First, it appears that some Oklahomans do not want the upcoming 0.25 percent state-income-tax rate reduction to go into effect. They are disappointed in a recent statement from Gov. Mary Fallin's office that "no one currently involved in budget negotiations ... is considering delaying the tax cut." Oklahoma PTA board member Lori Wathen told News 9's Lisa Monahan: "Personally, if I get that tax cut, I'm writing a check back to the State of Oklahoma."
As luck would have it, Oklahoma law does in fact allow citizens to make voluntary contributions to state government. The statute says "gifts of cash or the equivalent of cash shall be made to and receipted for by the Director of the Office of Management and Enterprise Services." Wathen and others may mail their checks to 2300 N. Lincoln Boulevard, Room 122, Oklahoma City, Oklahoma 73105.
The second item was an op-ed in the Tulsa World by David Boren. "Each of us who cares about the quality of public schools must work to increase state funding for our schools," he wrote. "We must also increase private support for public education. The Oklahoma Foundation for Excellence is working year-round to help cultivate young minds through programs in American history education, through the support of youth mentoring, through grants to teachers for professional development, and through outreach to public school foundations."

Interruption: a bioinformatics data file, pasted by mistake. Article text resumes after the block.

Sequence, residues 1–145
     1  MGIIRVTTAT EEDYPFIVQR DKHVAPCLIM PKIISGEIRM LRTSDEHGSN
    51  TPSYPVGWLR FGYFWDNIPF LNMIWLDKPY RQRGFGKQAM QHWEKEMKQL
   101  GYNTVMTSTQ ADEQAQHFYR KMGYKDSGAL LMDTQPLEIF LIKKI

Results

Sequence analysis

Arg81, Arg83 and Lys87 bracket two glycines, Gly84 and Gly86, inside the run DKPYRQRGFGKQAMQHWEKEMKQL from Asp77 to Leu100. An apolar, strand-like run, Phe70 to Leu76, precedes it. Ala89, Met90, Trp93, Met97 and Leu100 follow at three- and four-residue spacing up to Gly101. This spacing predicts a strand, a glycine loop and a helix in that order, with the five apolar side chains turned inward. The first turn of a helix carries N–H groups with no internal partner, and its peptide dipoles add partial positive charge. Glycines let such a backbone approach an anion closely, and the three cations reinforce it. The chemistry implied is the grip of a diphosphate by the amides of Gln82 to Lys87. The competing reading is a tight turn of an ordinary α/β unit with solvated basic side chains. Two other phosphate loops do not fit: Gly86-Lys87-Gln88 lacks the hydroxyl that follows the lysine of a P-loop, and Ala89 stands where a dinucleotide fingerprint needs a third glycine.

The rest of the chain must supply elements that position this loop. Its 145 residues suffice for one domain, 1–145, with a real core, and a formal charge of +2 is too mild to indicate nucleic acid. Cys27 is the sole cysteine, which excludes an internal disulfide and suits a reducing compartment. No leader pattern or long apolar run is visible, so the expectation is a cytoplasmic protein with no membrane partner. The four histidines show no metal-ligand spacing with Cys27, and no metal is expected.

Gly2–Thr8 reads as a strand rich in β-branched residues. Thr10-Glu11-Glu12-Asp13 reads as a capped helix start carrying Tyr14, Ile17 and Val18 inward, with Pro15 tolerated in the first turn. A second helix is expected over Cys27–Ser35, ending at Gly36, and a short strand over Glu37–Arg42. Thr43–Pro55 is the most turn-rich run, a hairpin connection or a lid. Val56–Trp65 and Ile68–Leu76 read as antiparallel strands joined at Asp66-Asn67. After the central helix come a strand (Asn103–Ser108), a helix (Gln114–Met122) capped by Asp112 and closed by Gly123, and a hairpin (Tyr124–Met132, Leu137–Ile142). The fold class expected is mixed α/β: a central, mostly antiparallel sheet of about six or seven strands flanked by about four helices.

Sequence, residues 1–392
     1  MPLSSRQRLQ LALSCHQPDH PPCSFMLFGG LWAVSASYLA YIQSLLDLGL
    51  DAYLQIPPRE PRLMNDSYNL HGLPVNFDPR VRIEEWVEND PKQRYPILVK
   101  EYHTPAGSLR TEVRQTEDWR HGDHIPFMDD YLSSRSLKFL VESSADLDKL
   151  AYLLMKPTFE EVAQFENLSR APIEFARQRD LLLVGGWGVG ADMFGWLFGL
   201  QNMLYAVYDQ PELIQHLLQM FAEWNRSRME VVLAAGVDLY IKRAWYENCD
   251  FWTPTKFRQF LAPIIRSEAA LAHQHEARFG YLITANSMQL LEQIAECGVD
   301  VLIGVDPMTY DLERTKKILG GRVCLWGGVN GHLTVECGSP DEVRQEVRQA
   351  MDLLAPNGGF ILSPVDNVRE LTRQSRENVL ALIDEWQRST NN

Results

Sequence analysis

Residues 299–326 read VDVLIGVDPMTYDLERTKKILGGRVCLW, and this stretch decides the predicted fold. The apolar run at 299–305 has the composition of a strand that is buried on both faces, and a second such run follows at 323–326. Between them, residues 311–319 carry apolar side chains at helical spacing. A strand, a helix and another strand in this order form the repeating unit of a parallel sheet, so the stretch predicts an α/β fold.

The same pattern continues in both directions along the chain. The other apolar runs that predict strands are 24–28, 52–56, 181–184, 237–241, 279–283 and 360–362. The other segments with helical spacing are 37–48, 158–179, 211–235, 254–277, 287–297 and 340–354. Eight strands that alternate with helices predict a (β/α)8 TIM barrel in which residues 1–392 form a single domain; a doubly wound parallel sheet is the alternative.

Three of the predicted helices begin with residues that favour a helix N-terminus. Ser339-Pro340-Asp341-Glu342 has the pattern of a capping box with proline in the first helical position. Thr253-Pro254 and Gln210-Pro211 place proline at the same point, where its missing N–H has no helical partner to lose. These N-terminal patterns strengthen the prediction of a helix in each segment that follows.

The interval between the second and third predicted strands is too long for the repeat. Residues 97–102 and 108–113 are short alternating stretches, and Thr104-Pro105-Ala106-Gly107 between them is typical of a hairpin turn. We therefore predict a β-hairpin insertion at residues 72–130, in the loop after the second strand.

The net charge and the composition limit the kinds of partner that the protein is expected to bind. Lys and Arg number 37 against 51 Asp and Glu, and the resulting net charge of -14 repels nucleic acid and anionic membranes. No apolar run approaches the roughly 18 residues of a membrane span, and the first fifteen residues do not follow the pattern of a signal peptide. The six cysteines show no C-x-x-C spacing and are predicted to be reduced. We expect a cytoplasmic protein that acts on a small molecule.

And though Mr. Boren did not mention it, another avenue to be aware of is the Catalyst Education Fund. According to its website, "the Catalyst Education Fund (CEF) is a unique tax credit program that allows businesses to directly support innovative educational programs in Oklahoma's rural public schools."
You will be supporting innovative and groundbreaking projects within our state's public education system. Students will benefit firsthand from the CEF, as these funds will augment programs and further advance opportunities for a high quality, challenging education.
All contributions are eligible to receive a tax credit, or tax deduction which will directly reduce the taxes you pay on a dollar-for-dollar basis. By law, donors can receive a 50% tax credit for the first year's donation; if donors pledge for three years, the tax credit increases to 75% for the first year and 50% for the following two years.